Norway is set to award 75 new production licenses in the North Sea, Norwegian Sea, and the Barents Sea to 34 companies.
“Never before have this many production licenses been awarded in an APA round (Awards in Pre-defined Areas), and never before have this many applications been submitted,” the Norwegian Petroleum Directorate said on Tuesday.
“It is with great pleasure I can announce that we offer awards in 75 new production licenses in this year’s APA-round. The number of licenses is the highest ever awarded in a licensing round on the Norwegian continental shelf. Access to new, prospective exploration acreage is a central pillar in the Government’s petroleum policy,” says Minister of Petroleum and Energy, Terje Søviknes (Progress Party).
New licenses are being awarded in the expanded APA area in both the Norwegian Sea and the Barents Sea.
Of the 75 production licenses, 45 are in the North Sea, 22 in the Norwegian Sea and 8 in the Barents Sea. Twenty-two of the production licenses are additional acreage for existing production licenses. Three of the new licenses are divided stratigraphically and only relate to levels below/above a defined stratigraphic border.
“It is positive that the companies are showing so much interest in exploring in the mature areas on the Norwegian shelf, where it is still possible to exploit existing infrastructure. It is also positive that the companies have shown interest in the expanded APA area in both the Norwegian Sea and the Barents Sea,” says Wenche Tjelta Johansen, the assistant director responsible for exploration in the Norwegian Petroleum Directorate.
“We see that the companies have identified new plays based on new seismic, and new technology. That is exciting,” says Johansen.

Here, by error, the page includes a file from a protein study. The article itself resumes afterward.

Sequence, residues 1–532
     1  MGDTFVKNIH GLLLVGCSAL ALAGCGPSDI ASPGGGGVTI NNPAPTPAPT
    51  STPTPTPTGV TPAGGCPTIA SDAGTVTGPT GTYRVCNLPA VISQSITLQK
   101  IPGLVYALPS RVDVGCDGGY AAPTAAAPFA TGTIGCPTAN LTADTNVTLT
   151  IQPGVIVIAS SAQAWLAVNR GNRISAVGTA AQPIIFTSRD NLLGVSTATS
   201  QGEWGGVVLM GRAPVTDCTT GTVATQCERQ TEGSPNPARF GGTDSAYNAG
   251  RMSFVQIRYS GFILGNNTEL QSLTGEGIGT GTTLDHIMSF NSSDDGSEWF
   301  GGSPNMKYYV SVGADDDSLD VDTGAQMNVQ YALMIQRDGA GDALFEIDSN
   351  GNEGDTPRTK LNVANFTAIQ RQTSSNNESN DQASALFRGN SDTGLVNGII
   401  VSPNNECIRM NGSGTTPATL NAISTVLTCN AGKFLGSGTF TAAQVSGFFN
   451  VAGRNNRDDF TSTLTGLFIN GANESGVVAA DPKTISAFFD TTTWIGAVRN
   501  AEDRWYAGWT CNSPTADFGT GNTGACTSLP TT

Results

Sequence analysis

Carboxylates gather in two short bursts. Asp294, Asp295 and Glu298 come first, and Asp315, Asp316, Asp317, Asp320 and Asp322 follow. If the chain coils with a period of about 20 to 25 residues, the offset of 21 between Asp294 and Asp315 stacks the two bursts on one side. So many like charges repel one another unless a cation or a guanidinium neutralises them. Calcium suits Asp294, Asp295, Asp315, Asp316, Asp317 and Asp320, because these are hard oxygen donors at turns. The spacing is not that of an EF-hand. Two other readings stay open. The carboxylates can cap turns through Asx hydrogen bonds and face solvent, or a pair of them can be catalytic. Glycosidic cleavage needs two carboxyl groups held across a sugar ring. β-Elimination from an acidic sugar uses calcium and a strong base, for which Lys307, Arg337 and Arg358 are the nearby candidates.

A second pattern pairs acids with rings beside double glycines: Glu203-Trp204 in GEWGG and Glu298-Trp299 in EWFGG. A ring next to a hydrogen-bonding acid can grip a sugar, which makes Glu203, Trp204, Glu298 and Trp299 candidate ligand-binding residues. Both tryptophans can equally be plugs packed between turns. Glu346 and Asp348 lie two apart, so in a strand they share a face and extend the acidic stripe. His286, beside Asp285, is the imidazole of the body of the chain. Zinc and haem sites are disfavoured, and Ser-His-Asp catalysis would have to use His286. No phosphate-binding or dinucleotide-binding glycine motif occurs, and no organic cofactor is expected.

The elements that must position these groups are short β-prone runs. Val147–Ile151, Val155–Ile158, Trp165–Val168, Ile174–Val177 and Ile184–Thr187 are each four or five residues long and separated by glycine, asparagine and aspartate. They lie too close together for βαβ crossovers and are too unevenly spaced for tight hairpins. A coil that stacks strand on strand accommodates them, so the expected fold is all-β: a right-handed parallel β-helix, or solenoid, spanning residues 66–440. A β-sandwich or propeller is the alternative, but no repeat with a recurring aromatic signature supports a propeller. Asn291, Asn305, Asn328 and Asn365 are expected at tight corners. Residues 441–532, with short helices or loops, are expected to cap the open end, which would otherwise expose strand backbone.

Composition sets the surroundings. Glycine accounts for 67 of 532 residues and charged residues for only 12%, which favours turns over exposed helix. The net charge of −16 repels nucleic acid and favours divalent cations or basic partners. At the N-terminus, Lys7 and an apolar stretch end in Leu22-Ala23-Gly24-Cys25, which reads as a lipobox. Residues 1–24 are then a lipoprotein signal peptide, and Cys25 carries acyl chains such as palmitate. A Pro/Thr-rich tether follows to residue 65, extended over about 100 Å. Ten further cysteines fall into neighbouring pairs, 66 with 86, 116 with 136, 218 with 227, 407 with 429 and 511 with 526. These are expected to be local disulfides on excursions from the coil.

“There is great diversity in the player landscape in this year’s APA awards, ranging from small to major international companies,” the NPD said.
Of the 39 companies that submitted applications, 34 will be offered ownership interests in at least one production license.
17 operatorships for Statoil
Statoil has been offered the largest number of operatorships – 17. The company has been offered interests in 31 exploration licences on the Norwegian continental shelf (NCS), 17 of these as operator, and 14 as a partner.
Jez Averty, Statoil’s senior vice president for exploration in Norway and the UK said: “The NCS is the core of Statoil’s business, and we are pleased with the awards in the 2017 APA round. Licenses awarded through the APA-rounds give access to acreage that can provide important resources. We saw that in 2017 when we made a significant discovery in the Norwegian Sea – Cape Vulture – in a license awarded in the APA 2015 one year before we made the discovery. The APA-rounds are important to maintaining the exploration activity on the NCS. New discoveries are needed in order to offset the declining production on existing fields on the NCS.”
For Statoil, the offer this year includes three commitment wells. Two of these wells are in the North Sea and one in the Norwegian Sea.
In license PL921 Statoil will through drilling the Gladsheim prospect test if oil could have moved eastward from the Troll area. In PL942 in the Norwegian Sea, Statoil is aiming through drilling of the Ørn prospect to discover new resources that can be produced through the Norne installation. Statoil is also participating in the drilling a well in the PL916 at the Utsira High operated by AkerBP.
“Over the past two years we have replenished our portfolio with a number of interesting prospects. This enables us to maintain and increase the exploration efforts. We will this year drill or participatin in between 25-30 exploration wells on the NCS. This is an increase from the 19 we operated or participated in in 2017,” Averty says.
Offer to 34 licensees
(number of shares (including operatorships) in brackets)
A/S Norske Shell (4)
Aker BP (23)
Here you can the list of the companies that have been offered the blocks, along with work obligations for each block. (PDF)
Offshore Energy Today Staff